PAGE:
The improved Kia pro_cee'd coupe offers strong build quality, good looks and the option of a pokey yet efficient 1.0-litre turbo petrol engine. Never fancied a Kia? That might well change. Jonathan Crouch reports.
Ten Second Review
Kia look to have a strong package with this much improved three-door pro_cee'd coupe. It's well built, looks great, offers strong efficiency and there's a very good after sales package. It's up against some serious rivals though.
Forget what you thought you knew about Kia. For years now, we've seen them as plucky triers, patted them on the head with patronising comments along the lines of 'a lot of metal for your money' or 'this is a company that's getting there fast'. Well, it's here now, in the big leagues and this improved pro_cee'd three door model is priced accordingly, right up there with the mainstream contenders like Vauxhall and Citroen. This brings with it some harsher judging criteria. The sort of gauche interior design and off-pace emissions that we used to forgive Kia for just won't wash now. In fact, expectations have been raised so high that the pro_cee'd is now a vehicle that needs to be excellent in order to achieve any sort of recognition.
The first pro_ceed model in arrived in 2008 and the second in 2011, so it's clear that this is a car that's had a lot of budget thrown at it. Here, we're looking at the facelifted second generation version, a hugely important car for Kia, not just in terms of sales, it's also charged with raising the image of the brand. First impression suggest that it's right on the money.
The pro_cee'd's underpinnings won't come as any great surprise. They're basically the same as the cee'd hatchback that has established itself well. Under the bonnet, as with that car, the key news here is the introduction of Kia's latest 1.0-litre T-GDI turbo petrol direct injection engine, offered in 98bhp and 118bhp outputs. We can't really see much point in opting for the pokier version as its pulling power - 171Nm of torque - is no better than that of the base unit. Either way, if you want a petrol engine in your cee'd, this powerplant offers a far more satisfying choice than the old 98bhp 1.4-litre petrol unit that's still offered on lower-order variants of this second generation model. At the top of the range, the 201bhp pro_cee'd GT model continues with a 1.6-litre petrol turbo unit that powers it to 62mph in just 7.4s. This variant now gets bigger brakes and a sound symposer to emphasis the engine note.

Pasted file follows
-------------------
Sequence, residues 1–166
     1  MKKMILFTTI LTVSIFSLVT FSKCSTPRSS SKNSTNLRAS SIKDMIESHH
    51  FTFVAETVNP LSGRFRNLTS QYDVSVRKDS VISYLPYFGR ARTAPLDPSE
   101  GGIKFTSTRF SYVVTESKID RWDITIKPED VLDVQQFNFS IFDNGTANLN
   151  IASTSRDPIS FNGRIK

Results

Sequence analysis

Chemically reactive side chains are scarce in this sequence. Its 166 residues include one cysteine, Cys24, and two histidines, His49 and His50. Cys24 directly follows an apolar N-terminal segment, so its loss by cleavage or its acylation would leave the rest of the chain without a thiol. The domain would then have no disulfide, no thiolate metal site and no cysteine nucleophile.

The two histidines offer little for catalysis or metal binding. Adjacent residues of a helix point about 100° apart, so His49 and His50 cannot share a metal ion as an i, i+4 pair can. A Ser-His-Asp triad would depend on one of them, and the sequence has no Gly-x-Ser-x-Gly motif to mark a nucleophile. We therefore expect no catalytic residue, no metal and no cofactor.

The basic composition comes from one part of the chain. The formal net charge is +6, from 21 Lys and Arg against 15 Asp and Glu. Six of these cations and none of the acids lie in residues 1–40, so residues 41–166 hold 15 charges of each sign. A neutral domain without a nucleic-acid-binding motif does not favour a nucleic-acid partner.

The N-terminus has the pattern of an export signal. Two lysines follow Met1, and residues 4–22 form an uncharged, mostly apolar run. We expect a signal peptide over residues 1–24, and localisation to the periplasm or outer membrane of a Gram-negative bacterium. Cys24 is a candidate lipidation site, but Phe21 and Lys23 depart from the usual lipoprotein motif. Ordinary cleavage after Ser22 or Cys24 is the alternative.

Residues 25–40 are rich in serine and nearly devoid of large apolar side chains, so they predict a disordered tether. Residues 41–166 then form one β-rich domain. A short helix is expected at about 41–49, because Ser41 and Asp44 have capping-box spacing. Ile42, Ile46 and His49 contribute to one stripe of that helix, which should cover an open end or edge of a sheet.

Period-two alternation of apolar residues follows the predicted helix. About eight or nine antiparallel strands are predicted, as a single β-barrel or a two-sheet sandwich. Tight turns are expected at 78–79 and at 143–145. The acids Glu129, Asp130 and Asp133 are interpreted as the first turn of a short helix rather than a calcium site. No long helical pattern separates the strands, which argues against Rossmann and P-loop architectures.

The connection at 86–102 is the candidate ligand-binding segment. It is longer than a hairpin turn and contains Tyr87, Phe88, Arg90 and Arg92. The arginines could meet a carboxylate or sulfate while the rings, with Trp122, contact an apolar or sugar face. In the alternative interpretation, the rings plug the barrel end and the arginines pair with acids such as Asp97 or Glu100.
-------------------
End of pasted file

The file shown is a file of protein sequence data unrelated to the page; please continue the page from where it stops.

Most pro_cee'd buyers though, want a diesel. There's an old-tech 89bhp 1.4-litre CRDi variant still available, but most buyers will want the more efficient, higher-tech 1.6-litre CRDi unit, offered with 134bhp. This gives buyers the option of a 7-speed dual-clutch DCT automatic transmission, one of those clever gearboxes able to seamlessly select the next gear before you've even left the last one. For this diesel variant, improvements in refinement have been prioritised, so additional sound-absorbing materials have been adopted for the carpet and ventilation system, while twice as much anti-vibration foam has been added to the dashboard panel to cut engine vibrations intruding on the calm of the cabin.
Otherwise, things are much as before. So the driving dynamics still won't satisfy those for who see handling response as everything, despite the addition of a torque vectoring system, which reduces understeer by partially applying the brake to the inner wheel under cornering. You still get a supple multi-link rear suspension system, something that's still not the norm in this segment. And there's neat FlexSteer steering that allows you to alter feedback at the helm. Plus these models are as rapid as most owners will need them to be, the 134bhp diesel 1.6 making sixty two mph from rest in 9.5s on the way to 117mph.
Design and Build
The pro_cee'd remains a handsome, wedge-shaped three-door hatch, designed by Europeans for Europeans. Built in Slovenia under the auspices of the Frankfurt-based Kia Motors Europe design team, it features a longer and lower profile than the five-door car, resulting in an edgy, coupe-like shape. A sharply raised beltline and a sharp crease leading into the rear arches disguise the fact that it rides on the same chassis as the cee'd and features the same windscreen angle. Other than that, only the bonnet and front wings are interchangeable parts.